Should I publish my prices on my website?
Many of my customers run small beauty or complementary health clinics. They are often asking me for advice on whether or not to publish their prices. I am in 2 minds and wondered whether some of you could share your experience.
I think it depends on the market.
Make sure that the businesses first and foremost promote their value proposition first, including their "differention." If this is done correctly, their prices (if you decide to display them) will have less mindshare in decision making.
N.B.: Be very cautious of price displays intened to gain marketshare. This is a slippery slope for the business and for they industry in general.
If your pricing generally is high enough to be an immediate turnoff - don't show it on your site. The technique in those situations is to get someone interested enough to give you a call so that you can talk all about your product or service (thereby helping a prospect understand the true value, that they may not understand fully until they speak with someone) before hitting them with the price. With the context of the sales call, the price can make much more sense. Chimney sweeping and repairs are a perfect example. If you just saw a price on the site for some of the more advanced repairs you would go somewhere else because you have no idea why it should cost that much. After speaking with our friends at Master Chimney Sweepers for 10 or 15 minutes going over what is involved, you get it.
If you sell a commodity service and people are just looking for the lowest price (because they perceive no differentiation between providers), you may not want to show prices (unless you have a sustainable competitive advantage that enables you to truly offer the lowest price).
If your pricing is not going to be a shock and you are not a commodity service where people are just looking for the lowest price, then displaying pricing decreases friction in the buying process.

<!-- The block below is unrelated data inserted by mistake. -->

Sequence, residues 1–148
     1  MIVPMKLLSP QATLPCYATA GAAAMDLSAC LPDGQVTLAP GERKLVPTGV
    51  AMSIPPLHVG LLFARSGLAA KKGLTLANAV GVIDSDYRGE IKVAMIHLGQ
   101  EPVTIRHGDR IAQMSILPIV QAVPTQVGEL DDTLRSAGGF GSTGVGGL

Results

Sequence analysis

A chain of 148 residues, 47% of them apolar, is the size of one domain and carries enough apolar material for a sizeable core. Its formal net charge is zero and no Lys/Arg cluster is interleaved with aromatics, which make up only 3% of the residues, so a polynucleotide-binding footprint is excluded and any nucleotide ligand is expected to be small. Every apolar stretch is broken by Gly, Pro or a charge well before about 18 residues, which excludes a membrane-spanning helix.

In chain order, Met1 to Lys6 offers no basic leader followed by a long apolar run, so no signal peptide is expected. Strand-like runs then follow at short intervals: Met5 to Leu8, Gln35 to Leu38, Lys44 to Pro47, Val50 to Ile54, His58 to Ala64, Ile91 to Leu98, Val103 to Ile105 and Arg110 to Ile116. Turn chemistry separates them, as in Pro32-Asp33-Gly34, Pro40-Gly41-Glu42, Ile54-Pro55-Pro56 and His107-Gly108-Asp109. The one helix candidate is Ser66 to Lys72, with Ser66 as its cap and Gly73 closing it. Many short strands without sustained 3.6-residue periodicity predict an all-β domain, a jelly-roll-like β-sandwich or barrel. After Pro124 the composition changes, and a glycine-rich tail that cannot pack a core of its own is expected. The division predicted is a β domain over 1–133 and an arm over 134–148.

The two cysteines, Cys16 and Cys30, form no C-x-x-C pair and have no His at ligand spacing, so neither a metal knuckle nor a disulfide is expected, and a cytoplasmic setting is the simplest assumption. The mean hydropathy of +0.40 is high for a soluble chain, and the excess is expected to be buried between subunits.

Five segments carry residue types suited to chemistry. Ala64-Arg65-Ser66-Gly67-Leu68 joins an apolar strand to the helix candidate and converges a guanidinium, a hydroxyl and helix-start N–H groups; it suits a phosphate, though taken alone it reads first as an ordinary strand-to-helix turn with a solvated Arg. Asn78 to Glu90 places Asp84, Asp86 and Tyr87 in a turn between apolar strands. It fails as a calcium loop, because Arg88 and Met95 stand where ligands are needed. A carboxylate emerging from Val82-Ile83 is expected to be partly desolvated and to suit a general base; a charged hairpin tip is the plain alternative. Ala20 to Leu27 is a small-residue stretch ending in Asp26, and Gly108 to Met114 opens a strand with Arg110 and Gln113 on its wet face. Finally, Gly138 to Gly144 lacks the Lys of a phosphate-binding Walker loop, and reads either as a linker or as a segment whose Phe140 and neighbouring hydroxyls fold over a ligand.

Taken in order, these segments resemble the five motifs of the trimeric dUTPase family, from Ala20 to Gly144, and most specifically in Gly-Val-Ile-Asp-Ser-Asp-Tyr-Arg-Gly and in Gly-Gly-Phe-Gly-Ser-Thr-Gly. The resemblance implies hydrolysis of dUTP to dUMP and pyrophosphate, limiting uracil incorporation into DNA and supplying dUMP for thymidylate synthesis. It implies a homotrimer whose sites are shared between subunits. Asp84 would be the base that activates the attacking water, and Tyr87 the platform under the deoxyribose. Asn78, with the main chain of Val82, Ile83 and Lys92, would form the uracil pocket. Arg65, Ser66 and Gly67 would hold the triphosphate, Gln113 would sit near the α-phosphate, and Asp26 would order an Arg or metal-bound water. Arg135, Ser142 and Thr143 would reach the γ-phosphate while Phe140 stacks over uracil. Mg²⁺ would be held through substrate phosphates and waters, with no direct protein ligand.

I am with Karen, I do not sell on price so I do not lead with them.
This very much depends on the service offered. Product mostly yes. Services are much more complex in selling and pricing, and also easy to adjust along a spectrum of the level of service. For instance as an Executive Coach I have programs anywhere from $600/month to $12,000 per month for being a virtual Executive, interim CEO/COO etc. Clients rarely know what they need exactly and selling requires discovery of the root cause - so in this situation pricing is confusing, misleading and likely not helpful.
However, is is good to bound the lower limit to avoid the people with no budget and unrealistic expectations. I see people asking for full business plans on freelance bidding sites with a budget of $250-$500. They are clueless and essenatially failing before they start by attracting only incompetent people. Quality people will never never work for $5/hour. Their budget and expectations are literally off by a factor of ten! Don't waste your time with these people as they are horrible customers. Hence put some starting price or minimum.
If they are using online shopping carts - which they should definitely use if they are selling products online, the prices are going to need to be listed not only to set up the cart, but to allow customers to go through it to make online purchases. If they aren't, no. The shopping cart is the difference maker.
I firmly believe in showing your prices lists and about knowing your worth and explaining to potential clients why they should use your rather than a competitor. I prefer to market my value and why they should use my services rather than marketing my price. For me Its about building the brand identity.